Breaking Gender Stereotype
In a world where ideas of what it means to be a man or a woman are often still narrowly defined by stereotypes and media messages, HGSE has long been at the vanguard of change, with faculty members, students, and alumni working to help young people develop confidence in their identities, tackling toxic masculinity and supporting girls’ confidence, and breaking down gender binaries.
HGSE has led the conversation about gender roles, gender identity, and gender stereotypes — helping young people become who they are.
Building on the foundations laid by developmental psychologist and former faculty member Carol Gilligan and the Harvard Center on Gender and Education, HGSE graduates have generated innovative research and developed strategies and practices to help educators address gender in their schools and communities.
"I became interested in how men and women unconsciously collude with societies and cultures that have ruled out women's voices. That's when I began to look at how people over the millennia have found their way to change, and I realized that education is the nonviolent revolution," Gilligan told HGSE News.
Lyn Mikel Brown, Ed.D.'89, worked with Gilligan on the influential book, Meeting at the Crossroads: Women’s Psychology and Girls’ Development, identifying the uncertainties girls face as they enter adolescence. Brown has gone on to research and write books about female friendships, sexualization of teenage girls, and female empowerment. An activist, Brown has also co-founded organizations like SPARK Movement and Hardy Girls Healthy Women, which work to build supportive, feminist, anti-racist coalitions.
Yet boys too face their own gender-based developmental challenges, as noted in Packaging Boyhood: Saving Our Sons from Superheroes, Slackers, and Other Media Stereotypes?, written by Brown with Sharon Lamb, Ed.M.'80, Ed.D.'88, and Mark Tappan, Ed.D.'87, and in Deep Secrets: Boys' Friendship and the Crisis of Connections, by psychologist Niobe Way, Ed.M.’94.
"One of our messages in the end is there are still really important conversations parents and teachers can have with boys about the narrow stereotypes that are not benign but could have an effect on their propensity for violence or their performance in school or how they treat girls," Tappan told Harvard Ed. magazine. "…It's easy to take a 'boys will be boys' attitude, but I think there could be more conversations with boys growing up about those kinds of messages."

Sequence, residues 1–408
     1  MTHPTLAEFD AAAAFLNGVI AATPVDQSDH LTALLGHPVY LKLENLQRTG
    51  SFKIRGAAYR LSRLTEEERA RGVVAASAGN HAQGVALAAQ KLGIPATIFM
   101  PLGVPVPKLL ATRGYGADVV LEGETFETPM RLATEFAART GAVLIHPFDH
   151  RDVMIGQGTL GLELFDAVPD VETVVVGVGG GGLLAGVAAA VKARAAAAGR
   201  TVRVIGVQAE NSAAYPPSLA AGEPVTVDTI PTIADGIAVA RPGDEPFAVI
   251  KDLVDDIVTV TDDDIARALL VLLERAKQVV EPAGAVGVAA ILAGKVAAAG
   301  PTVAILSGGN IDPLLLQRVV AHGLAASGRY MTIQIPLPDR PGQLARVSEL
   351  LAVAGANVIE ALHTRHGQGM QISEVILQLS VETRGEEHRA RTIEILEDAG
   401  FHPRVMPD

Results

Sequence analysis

Forming healthy relationships is central to Making Caring Common’s (MCC) recent report that looks at the intersection of hookup culture, sexual harassment, and misogyny. To promote the essential conversations between teens and the adults that lead to the growth of healthy attitudes and relationships, MCC developed resources to help parents and teachers lead the discussion.
Jeff Perrotti, C.A.S.’85, has also recognized that schools and adults have a vital role to play in sending messages about gender and identity. As director of the Massachusetts Safe Schools Program for LGBTQ students, Perrotti provides training for teachers and support for transgender students. Since he started offering trainings for staff and faculty in the 90s, requests for assistance have grown. During the 2015–16 school year, the Safe Schools Program conducted 315 trainings and technical assistance sessions. In 2016–17, as of May, the number was already at 432.
“It’s exciting, the different collaborations we’ve had, everything from afterschool programs to adult education. There are a lot of opportunities…. There’s a whole other wave [of interest], sometimes prompted by a student transitioning. It’s a great opportunity to talk about gender identity," Perrotti said.
Following in Perrotti’s footsteps, a new group of HGSE students, including educators Kimm Topping and Jared Fox, are centering their work around supporting the gender and identity development of all students. Much like Gilligan, they advocate for listening to the stories and voices of those who were not previously included in the conversation.
“Yes, we need policies and laws," said Topping, Ed.M.'20, "but we also need to have empathy and to understand why we’re breaking down the gender binary. It’s about getting people to connect and being patient.” – Emily Boudreau